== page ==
A Farmer's Guide to Year-End Giving

Oct. 27, 2021

By Joe Sorenson, CAP®, Vice President of Affiliate Relations

With the holiday season around the corner, Iowans will soon be gathering with friends and family. Conversations around college football, predictions on the quickly approaching winter, and who makes the best pie will take place. Many families will also discuss causes that matter to them and which nonprofits they will support before the end of the year.

At the Community Foundation of Greater Des Moines, we know agricultural roots extend into support of the community in which you live, and it is important to meet your family’s charitable and financial goals. Below are a few unique ways you can support causes and communities you care about as we near the end of the year.

Grain A gift of grain is a unique and underutilized way to make a charitable gift. For farm operators, gifting grain directly, rather than selling the grain and making a gift from the proceeds, may provide significant tax savings. Contributing grain allows you to avoid recognizing the sale of the commodity as income, while the production costs may still be deductible. Reducing taxable income may provide advantages such as minimizing or eliminating self-employment tax and reducing adjusted gross income.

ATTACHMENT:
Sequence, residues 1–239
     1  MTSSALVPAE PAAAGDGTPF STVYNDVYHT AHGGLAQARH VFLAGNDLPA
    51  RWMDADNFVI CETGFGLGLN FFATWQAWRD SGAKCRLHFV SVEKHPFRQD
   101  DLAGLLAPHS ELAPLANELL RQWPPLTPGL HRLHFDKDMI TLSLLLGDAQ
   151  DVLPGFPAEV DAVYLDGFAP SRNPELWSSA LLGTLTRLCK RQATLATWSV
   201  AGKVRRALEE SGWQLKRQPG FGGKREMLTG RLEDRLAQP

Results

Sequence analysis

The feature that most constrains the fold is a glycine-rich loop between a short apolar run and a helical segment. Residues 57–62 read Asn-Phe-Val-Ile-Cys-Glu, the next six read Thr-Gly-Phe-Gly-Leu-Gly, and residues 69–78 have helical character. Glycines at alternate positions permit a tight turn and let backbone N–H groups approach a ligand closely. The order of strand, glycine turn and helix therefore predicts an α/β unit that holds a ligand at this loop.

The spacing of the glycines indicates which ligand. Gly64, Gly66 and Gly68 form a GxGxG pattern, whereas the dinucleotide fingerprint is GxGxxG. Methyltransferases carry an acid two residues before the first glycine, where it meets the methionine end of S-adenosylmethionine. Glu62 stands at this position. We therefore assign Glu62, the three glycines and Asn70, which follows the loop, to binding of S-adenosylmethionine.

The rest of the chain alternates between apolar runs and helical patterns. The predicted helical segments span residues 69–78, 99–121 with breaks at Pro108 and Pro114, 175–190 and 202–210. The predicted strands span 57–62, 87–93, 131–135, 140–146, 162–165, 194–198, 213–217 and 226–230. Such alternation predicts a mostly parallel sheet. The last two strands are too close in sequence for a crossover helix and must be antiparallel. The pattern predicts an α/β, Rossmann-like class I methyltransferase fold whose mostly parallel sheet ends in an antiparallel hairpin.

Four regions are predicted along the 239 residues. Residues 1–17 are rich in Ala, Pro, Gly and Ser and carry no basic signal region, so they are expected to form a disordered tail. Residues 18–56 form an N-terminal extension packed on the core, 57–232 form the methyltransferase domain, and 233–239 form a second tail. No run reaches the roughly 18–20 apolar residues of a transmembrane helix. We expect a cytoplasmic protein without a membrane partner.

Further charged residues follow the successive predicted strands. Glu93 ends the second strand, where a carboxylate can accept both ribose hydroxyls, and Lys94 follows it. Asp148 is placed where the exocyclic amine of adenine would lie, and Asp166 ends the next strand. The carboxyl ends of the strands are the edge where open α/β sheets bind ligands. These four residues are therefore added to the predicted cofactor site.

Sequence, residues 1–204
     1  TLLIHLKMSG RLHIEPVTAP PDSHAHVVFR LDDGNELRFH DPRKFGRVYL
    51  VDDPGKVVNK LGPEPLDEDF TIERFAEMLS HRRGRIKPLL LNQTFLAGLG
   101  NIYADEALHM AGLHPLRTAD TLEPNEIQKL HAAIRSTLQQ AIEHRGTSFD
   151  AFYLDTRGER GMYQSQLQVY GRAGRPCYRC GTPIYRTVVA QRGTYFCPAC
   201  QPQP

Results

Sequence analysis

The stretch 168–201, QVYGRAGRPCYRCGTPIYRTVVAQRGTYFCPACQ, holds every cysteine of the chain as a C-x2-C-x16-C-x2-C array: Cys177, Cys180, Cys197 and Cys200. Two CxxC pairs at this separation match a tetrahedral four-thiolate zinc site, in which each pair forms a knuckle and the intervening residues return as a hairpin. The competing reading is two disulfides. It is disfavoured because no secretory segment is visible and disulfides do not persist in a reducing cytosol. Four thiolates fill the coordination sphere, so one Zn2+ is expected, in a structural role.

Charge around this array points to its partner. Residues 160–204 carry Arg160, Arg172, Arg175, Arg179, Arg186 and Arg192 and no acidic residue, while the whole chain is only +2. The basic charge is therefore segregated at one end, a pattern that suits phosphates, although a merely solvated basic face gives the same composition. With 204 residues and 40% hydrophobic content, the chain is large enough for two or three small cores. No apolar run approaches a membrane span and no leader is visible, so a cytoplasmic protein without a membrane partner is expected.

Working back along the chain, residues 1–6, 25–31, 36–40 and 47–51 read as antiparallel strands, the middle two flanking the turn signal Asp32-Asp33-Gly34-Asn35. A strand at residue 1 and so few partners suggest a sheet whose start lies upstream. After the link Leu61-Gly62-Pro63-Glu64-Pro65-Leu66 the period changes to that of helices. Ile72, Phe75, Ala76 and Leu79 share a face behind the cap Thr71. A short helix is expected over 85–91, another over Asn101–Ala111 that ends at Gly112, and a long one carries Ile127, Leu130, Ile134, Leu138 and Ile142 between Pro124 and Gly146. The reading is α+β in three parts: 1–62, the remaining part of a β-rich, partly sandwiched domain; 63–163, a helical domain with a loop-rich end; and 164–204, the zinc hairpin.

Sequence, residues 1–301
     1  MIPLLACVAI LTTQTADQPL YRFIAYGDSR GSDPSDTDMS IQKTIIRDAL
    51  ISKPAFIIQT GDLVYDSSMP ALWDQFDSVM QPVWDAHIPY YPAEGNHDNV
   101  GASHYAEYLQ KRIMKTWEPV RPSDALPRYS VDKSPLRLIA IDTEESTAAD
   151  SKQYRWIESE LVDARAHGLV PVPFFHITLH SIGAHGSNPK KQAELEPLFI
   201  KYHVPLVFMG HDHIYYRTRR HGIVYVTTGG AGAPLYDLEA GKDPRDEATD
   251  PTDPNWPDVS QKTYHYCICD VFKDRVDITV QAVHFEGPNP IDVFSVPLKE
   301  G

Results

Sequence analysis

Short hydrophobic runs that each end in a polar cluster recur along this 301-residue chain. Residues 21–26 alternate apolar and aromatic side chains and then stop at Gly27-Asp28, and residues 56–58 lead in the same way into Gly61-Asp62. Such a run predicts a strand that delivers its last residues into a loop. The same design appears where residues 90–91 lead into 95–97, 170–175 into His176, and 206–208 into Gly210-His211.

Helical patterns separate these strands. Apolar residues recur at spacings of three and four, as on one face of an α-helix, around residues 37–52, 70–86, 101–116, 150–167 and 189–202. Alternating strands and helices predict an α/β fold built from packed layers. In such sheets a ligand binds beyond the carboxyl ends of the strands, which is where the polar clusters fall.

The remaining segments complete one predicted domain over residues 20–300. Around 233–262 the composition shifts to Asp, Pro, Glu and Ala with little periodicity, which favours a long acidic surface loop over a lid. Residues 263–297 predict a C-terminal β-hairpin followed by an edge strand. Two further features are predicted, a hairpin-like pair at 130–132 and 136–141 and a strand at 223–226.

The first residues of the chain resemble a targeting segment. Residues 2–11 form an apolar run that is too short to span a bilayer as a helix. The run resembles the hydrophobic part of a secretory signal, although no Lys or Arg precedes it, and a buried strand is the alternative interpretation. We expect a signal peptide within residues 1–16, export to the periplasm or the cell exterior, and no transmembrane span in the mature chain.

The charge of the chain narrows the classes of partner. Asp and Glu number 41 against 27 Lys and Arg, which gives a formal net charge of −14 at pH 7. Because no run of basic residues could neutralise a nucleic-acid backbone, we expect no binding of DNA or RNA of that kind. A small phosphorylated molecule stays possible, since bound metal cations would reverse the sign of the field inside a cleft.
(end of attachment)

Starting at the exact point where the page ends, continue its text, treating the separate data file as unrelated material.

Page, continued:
IRA Charitable Rollover – For farmers over age 70 ½ and older, making charitable contributions from an IRA can provide similar tax advantages to a gift of grain. Distributions from an IRA directly to charity avoids federal and state income tax on transfers up to $100,000 and goes towards meeting your required minimum distribution (RMD). No need to worry if you don’t itemize your federal tax return. Gifts of grain and the IRA charitable rollover are not deductible, but instead benefit from the avoidance of claiming the income.

Donor Advised Funds – Farmers know that timing can be everything. The same can be said for aligning charitable gifts to when it makes financial sense for you or your family. Donor advised funds are a solution to this problem. Donor advised funds are like a charitable checkbook. Farmers can contribute cash, stock, grain or other assets to their donor advised fund, take advantage of maximum tax benefits, and distribute grants to causes they care about when needs arise. A donor advised fund can also help your family put charitable dollars aside for a rainy day when your farm may not be as profitable but your commitment to your community has not changed. Through the Community Foundation, contributions  to your donor advised fund may qualify for the Endow Iowa tax credit, a 25% state income tax credit.

These three tax-wise giving strategies are simple strategies for you and your farm operation to consider as you support causes you care about at year-end. Be sure to consult with your professional advisor for specific tax or legal advice that applies to you and your family.

To learn more about these and other giving opportunities through Keep Iowa Growing, Iowa’s Agriculture Giving Program, contact Joe Sorenson at 515-447-4210.